I designed and taught my third class, a 2-unit upper division course titled Bitcoin and Cryptocurrency Technologies in Spring 2016 under the supervision of Karl Levitt. I co-taught with Vincent Yang. The first half of our course is based on Princeton’s Bitcoin and Cryptocurrency Technologies course. Lecture notes (some incomplete) and their corresponding .tex files are available online.
The term project specifications can be viewed here. Towards the end, the project morphed from “What new system would you create?” to “Present an existing system or propose a modification of an existing system.” In retrospect, that should have been the project from the beginning. The projects are publicly available here; I was most impressed by Team 2.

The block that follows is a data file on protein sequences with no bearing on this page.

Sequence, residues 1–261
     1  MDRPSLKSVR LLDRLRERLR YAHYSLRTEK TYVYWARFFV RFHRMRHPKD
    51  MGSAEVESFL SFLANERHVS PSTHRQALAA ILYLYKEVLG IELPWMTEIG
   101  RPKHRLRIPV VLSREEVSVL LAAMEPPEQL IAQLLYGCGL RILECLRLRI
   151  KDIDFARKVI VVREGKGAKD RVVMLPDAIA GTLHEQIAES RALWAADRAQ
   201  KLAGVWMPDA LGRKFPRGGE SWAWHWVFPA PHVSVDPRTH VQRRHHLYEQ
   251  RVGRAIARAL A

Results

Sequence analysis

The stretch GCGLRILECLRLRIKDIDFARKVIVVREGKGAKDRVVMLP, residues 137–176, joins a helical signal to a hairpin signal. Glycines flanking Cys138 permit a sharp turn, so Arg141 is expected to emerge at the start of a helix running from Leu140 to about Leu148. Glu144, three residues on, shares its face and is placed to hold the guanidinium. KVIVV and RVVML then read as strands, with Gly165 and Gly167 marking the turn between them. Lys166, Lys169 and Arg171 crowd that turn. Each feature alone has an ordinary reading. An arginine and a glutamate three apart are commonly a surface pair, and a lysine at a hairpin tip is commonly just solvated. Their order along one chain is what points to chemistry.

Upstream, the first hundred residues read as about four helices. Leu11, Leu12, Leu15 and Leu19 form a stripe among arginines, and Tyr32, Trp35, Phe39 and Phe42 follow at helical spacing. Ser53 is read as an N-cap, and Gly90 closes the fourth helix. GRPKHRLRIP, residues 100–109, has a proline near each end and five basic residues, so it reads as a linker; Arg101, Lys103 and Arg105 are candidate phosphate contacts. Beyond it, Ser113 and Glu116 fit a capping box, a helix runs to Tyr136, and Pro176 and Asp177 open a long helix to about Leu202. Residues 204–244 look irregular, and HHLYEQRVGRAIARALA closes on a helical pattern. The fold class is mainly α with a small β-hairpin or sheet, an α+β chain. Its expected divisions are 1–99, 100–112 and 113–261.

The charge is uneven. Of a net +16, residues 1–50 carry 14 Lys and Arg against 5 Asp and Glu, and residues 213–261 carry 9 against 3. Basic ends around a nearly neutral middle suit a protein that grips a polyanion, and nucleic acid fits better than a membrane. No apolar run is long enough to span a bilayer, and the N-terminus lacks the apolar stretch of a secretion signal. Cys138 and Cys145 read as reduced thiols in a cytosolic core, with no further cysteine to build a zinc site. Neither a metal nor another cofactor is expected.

Nine of 23 students submitted evaluations. The first three questions are on a five-point scale, and the remaining questions are on a ten-point scale. Before the course began, students with little programming experience asked to add a 1-unit version of the class to learn the conceptual material; we agreed. Looking back, this was a mistake. It increased our workload, which precluded us from developing more thoughtful assignments. We also had to teach to two very different audiences, which I think was best captured in a student’s following comment: “I had no idea what hashing was and never constructed a tree before. I couldn’t understand how those concepts played a major role in Bitcoin. Similarly, I felt lost throughout most lectures. I’m not sure if it’s because of my insufficient background, or me just not taking good enough notes.” Given another opportunity, I would have been adhered to the course’s prerequisites I initially set.